Hypertension is the most common of the classical cardiovascular risk factors, with a prevalence of 27% in the adult Swedish population.1 The beneficial effect of antihypertensive treatment is well documented with regard to primary and secondary prevention of cardiovascular disease (CVD). Based on solid scientific evidence, there is now international consensus that the level of blood pressure at which pharmacological antihypertensive treatment is to be initiated, as well as the level of the target blood pressure, should take the individual total cardiovascular risk into account.2,3 This has increased the need for an introduction of new and easy-to-use cardiovascular risk markers that add prognostic information in the cardiovascular risk assessment of hypertensive patients.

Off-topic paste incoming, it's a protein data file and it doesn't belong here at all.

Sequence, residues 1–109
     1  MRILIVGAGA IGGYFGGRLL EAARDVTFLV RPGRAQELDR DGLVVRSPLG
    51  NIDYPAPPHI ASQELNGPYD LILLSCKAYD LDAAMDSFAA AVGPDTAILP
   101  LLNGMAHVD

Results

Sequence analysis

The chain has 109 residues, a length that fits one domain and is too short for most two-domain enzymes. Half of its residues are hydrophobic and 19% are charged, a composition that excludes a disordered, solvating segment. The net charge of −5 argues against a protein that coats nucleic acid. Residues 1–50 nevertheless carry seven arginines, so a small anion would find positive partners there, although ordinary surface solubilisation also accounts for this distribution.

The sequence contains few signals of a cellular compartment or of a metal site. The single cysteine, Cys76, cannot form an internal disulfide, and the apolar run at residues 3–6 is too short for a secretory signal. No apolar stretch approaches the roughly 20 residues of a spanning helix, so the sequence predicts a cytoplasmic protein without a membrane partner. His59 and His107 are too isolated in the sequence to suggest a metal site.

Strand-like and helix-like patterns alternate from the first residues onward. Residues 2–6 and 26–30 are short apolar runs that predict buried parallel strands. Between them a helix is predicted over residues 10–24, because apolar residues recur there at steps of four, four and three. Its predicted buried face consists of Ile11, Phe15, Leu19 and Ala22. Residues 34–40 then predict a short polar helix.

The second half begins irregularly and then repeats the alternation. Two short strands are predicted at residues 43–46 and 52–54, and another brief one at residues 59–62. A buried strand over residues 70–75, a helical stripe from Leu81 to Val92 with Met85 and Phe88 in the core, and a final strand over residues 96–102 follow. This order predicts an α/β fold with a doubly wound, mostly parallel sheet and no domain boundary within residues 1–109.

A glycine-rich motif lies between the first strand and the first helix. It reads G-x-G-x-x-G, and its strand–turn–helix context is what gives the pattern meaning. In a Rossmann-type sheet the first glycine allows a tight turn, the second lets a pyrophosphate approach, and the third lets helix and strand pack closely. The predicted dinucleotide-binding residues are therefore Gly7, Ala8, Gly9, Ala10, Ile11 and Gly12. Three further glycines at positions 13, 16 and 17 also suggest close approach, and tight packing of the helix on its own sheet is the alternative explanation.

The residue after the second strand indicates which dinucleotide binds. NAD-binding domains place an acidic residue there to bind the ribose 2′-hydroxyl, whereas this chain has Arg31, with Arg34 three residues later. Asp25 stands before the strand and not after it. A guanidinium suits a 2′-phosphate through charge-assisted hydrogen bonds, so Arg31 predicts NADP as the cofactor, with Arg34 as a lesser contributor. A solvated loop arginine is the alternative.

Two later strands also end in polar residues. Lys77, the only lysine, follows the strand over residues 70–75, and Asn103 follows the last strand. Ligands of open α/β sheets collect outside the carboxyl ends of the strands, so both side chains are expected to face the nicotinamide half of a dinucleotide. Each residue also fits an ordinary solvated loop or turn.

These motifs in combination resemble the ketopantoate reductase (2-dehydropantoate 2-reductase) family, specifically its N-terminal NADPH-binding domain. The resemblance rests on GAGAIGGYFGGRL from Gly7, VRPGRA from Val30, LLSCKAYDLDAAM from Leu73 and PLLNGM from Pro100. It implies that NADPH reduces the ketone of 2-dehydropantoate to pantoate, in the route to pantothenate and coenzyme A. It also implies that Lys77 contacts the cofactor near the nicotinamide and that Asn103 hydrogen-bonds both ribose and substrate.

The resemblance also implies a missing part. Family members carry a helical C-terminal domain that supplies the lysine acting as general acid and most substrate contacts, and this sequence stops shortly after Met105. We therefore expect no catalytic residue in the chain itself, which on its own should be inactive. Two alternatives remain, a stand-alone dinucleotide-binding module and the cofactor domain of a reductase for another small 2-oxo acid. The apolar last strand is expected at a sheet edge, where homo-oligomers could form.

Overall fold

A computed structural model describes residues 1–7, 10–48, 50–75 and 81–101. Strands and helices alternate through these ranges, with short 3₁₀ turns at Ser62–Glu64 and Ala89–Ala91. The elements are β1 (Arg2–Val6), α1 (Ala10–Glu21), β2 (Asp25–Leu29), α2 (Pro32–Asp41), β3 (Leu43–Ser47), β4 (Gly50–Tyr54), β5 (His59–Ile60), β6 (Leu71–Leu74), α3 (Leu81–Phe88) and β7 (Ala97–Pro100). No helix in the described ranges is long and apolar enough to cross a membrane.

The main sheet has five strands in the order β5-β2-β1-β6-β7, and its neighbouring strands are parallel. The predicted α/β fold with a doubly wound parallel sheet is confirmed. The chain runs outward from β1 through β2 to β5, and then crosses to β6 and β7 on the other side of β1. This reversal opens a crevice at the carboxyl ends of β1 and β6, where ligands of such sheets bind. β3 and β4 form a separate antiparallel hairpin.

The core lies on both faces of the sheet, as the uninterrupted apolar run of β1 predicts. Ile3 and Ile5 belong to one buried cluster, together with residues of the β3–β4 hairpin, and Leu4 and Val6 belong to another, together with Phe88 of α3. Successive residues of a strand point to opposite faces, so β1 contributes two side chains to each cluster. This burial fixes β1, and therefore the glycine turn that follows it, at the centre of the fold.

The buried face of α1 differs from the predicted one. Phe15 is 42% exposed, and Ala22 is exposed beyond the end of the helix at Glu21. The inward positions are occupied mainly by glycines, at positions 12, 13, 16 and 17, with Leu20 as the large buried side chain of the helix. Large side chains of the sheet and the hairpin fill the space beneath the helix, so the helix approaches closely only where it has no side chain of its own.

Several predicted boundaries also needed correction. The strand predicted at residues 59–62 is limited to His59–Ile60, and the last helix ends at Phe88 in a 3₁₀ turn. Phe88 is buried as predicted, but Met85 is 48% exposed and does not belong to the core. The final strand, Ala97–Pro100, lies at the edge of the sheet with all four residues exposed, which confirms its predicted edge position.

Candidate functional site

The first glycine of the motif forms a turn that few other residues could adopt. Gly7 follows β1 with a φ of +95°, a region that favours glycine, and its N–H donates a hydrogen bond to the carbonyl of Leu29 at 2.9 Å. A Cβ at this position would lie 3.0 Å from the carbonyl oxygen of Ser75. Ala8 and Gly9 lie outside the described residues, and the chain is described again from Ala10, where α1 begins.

The presence of microalbuminuria (MA) is well established as a cardiovascular risk factor in diabetes mellitus, and today there is evidence that MA predicts CVD also in hypertensive patients without diabetes.4–6 As for MA, reduced glomerular filtration rate (GFR) has been shown to also predict CVD in nondiabetic patients with hypertension.7–9 There are different methods for estimating GFR, such as plasma creatinine and the use of formulas/equations of estimated GFR according to Cockroft and Gault (GFRCRG) and the Modifications of Diet in Renal Disease study group (GFRMDRD).10